Asia stocks rose to a four-month high on Thursday, tracking Wall Street, after the Federal Reserve pledged to be patient with further interest rate hikes, signalling a potential end to its tightening cycle amid signs of slowing global growth.
The dollar struggled near a three-week trough against its major peers and U.S. Treasury yields were significantly lower as investors reacted to the Fed's change in tone.
MSCI's broadest index of Asia-Pacific shares outside Japan rose to its highest since Oct. 4 and was last up 0.4 percent.
Japan's Nikkei rose 1.4 percent. Australian stocks added 0.4 percent, while South Korea's KOSPI advanced 0.7 percent.
The Fed on Wednesday held interest rates steady as expected, and also discarded its promises of "further gradual increases" in interest rates.
The central bank said it would be "patient" before making any further moves amid a suddenly cloudy outlook for the U.S. economy due to global growth risks and impasses over trade and government budget negotiations.
On Wall Street, the Dow and the Nasdaq rallied 1.7 percent and 2.2 percent, respectively, on hopes the Fed's pause would give the U.S. economy and corporate profits more room to run.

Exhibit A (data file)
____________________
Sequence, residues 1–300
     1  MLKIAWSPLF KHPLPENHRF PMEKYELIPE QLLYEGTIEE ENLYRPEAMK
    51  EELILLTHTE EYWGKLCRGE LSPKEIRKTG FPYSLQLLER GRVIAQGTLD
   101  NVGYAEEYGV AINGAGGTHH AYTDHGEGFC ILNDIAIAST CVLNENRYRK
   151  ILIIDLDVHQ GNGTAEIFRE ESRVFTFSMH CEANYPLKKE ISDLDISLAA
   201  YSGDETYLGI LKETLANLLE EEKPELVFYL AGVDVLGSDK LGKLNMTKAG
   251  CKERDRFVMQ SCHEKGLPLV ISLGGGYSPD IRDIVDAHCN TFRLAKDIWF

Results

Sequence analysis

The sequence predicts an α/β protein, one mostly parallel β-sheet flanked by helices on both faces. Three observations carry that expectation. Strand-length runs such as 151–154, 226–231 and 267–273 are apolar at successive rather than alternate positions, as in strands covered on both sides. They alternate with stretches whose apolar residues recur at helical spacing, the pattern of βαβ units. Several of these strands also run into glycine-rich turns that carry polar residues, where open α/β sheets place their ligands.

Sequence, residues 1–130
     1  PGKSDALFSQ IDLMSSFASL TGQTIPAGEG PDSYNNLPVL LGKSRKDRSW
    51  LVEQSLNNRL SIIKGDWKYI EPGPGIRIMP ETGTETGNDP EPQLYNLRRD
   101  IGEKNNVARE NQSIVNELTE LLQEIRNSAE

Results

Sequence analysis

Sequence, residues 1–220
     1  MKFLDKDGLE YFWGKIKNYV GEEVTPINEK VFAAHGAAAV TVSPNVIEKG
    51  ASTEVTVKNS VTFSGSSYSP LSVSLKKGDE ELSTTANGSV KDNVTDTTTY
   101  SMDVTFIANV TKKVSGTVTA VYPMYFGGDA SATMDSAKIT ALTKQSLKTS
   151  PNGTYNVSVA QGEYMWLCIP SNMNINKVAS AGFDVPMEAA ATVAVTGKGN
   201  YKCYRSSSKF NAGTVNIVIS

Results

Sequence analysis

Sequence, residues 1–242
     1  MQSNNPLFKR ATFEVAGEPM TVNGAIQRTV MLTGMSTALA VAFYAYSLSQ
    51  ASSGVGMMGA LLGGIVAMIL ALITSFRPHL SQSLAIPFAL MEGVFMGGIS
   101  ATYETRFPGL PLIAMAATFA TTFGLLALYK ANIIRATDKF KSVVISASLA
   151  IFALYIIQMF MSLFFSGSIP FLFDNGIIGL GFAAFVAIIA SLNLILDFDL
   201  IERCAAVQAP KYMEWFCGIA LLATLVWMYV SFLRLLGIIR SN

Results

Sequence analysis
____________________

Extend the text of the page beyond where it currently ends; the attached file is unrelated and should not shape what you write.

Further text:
"The Fed's statements firmly confirmed its dovish stance, which had already been on display at the start of the year. Market concerns towards the Fed's rate hikes have now been put to rest," said Masahiro Ichikawa, senior strategist at Sumitomo Mitsui Asset Management in Tokyo.
"The mention of the balance sheet by the Fed was a positive surprise. The focus now shifts immediately to U.S.-China trade talks, but the equity markets could have enough cushioning to withstand negative news from the talks."
The U.S. central bank also said on Wednesday that its balance sheet would remain larger than previously expected.
The United States and China opened a pivotal round of high-level two-day talks on Wednesday aimed at bridging deep differences over China's intellectual property and technology transfer practices and easing a months-long tariff war.
If the two sides cannot reach a deal soon, Washington has threatened to more than double tariffs on Chinese goods on March 2.
In currencies, the dollar index against a basket of six major currencies struggled near a three-week low of 95.253 brushed on Wednesday, when it had sunk 0.5 percent.
A weaker dollar helped nudge the euro to $1.1501 on Wednesday, its highest since Jan. 11, and the common currency was last up 0.1 percent at $1.1488.
The greenback was down 0.1 percent at 108.96 yen and close to a two-week low of 108.81 reached overnight.
The pound was a shade higher at $1.3123, given some reprieve after slipping earlier in the week when British lawmakers voted down a proposal in parliament that could have prevented a potentially chaotic "no-deal" Brexit.
The benchmark 10-year U.S. Treasury yield stood at 2.681 percent after sliding to 2.676 percent overnight, its lowest since Jan. 14.
Oil prices rose after U.S. government data showed signs of tightening supply and as investors remained concerned about supply disruptions following U.S. sanctions on Venezuela's oil industry.
U.S. crude oil futures were up 0.46 percent at 54.48 per barrel.